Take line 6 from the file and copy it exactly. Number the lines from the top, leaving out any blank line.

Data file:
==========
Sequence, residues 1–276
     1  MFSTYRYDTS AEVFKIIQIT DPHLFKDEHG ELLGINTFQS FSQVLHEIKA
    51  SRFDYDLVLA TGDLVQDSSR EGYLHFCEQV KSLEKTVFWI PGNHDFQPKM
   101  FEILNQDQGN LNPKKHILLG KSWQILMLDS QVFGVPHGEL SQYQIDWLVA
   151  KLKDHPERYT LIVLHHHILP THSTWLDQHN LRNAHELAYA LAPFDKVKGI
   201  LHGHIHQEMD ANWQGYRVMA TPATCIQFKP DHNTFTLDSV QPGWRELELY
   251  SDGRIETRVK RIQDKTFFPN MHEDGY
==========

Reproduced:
   201  LHGHIHQEMD ANWQGYRVMA TPATCIQFKP DHNTFTLDSV QPGWRELELY